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Archive 2013 · What is this in a flash tube?
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p.1 #1 · What is this in a flash tube?

Hope some knowledgeable members in the Lighting forum can help me with this issue -

I just picked up a pair of second hand Elinchrom strobes on B&S board. Upon inspection after receiving them, I spotted a patch of deposit about a half-inch size inside the flash tube of one strobe (see photos below).

closer look:

Has anyone seen anything like this in a flash tube? How could something like this develop? I am not sure how serious this is and I could not find any information online to alliviate my concern. This stuff certainly does not belong there. The strobe itself seems to fire fine. I have not used it to shoot anything, just a couple of test pops. Hopefully someone on this board could provide some insight.


Feb 26, 2013 at 11:54 PM
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p.1 #2 · What is this in a flash tube?

If I had to guess, I'd say the chemical used to coat the inside of the tube was vaporized, and then condensed and crystalized on itself. I know titanium dioxide is sometimes used in xenon tubes, so maybe those are titanium dioxide nanotubes.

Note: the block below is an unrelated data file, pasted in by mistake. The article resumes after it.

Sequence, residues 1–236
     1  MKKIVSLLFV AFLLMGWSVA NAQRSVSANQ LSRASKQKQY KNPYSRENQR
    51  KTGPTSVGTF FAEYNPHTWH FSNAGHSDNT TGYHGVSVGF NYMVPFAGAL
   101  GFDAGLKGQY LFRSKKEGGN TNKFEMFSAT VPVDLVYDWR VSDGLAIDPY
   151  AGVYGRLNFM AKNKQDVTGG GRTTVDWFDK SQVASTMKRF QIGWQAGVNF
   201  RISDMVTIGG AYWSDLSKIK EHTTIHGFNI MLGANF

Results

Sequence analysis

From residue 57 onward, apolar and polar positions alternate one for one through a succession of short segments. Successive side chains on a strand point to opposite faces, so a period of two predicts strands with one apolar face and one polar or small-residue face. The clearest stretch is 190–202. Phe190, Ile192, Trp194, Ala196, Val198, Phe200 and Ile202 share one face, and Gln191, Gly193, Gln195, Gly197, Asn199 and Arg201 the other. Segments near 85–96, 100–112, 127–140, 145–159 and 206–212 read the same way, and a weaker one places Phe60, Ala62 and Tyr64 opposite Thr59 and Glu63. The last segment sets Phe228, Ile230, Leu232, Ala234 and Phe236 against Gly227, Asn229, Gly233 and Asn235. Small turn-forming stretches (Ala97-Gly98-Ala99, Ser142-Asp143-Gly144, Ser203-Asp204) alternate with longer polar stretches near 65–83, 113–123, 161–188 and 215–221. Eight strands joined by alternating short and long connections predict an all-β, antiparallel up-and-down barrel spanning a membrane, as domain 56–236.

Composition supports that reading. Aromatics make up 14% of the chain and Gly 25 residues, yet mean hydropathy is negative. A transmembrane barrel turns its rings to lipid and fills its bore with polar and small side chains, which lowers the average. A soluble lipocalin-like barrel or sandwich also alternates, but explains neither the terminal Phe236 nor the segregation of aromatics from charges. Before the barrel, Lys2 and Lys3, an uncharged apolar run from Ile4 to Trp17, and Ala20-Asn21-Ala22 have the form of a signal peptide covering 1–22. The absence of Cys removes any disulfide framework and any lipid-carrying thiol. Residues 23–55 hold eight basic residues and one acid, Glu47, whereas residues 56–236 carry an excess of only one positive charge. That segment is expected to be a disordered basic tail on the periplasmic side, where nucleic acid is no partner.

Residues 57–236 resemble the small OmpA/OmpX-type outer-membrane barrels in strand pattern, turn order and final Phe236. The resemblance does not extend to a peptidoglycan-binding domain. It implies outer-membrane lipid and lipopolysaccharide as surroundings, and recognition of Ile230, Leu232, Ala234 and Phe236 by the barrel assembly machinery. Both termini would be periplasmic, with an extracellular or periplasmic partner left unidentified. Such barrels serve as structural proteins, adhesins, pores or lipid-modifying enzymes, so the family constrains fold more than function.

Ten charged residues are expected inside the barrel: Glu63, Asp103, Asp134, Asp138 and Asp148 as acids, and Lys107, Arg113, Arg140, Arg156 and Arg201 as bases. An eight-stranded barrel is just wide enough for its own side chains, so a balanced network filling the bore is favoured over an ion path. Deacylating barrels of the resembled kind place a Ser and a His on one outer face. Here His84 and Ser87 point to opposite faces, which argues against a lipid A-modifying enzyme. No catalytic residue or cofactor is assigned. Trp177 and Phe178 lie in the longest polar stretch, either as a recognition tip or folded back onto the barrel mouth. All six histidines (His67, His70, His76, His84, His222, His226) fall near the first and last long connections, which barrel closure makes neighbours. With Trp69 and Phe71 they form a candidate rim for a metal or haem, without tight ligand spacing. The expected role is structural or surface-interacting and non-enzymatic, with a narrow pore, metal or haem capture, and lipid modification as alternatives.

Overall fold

No idea how that would happen, but it's all I can think of.

Feb 27, 2013 at 04:45 AM
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p.1 #3 · What is this in a flash tube?

My guess would be Pixie Dust since it's widely acknowledged Elinchrom gear has magical qualities.

The only thing in the tube besides xenon (and the coating Brian mentioned) are the electrodes at the ends which over time are vaporized and coat the tube, especially at the ends. My guess is that's what it is, vaporized electrode material deposited near where the trigger wire current originates.

The tube is an open switch - air (xenon) gap. It is fired by first sending a small "trigger" charge into the wire around the tube which ionizes the gas to the point it becomes conductive. That completes the circuit to the main capacitors between the electrodes at the ends and WHAM the xenon reaches a plasma state and emits a big flash of light.

Older designs stayed lit until the capacitors ran out of charge. Modern designs use a "clamp" circuit similar to speedlight to cut off the power (preserving it in the capacitors for the next shot) or shunt it to "dump" resistors. Both strategies more precisely control the flash duration via controlling the time between the trigger circuit firing and the "off switch" clamp kicking in.

I'd guess that tube is near the end of it's useful life so you might want to order a spare if user replaceable or start saving for the repair bill.

Feb 27, 2013 at 12:00 PM
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p.1 #4 · What is this in a flash tube?

Thanks for the info. That's what I am afraid to hear.

The new flash tube is not cheap, easily cost half of what I paid for the strobe.

Feb 27, 2013 at 06:01 PM

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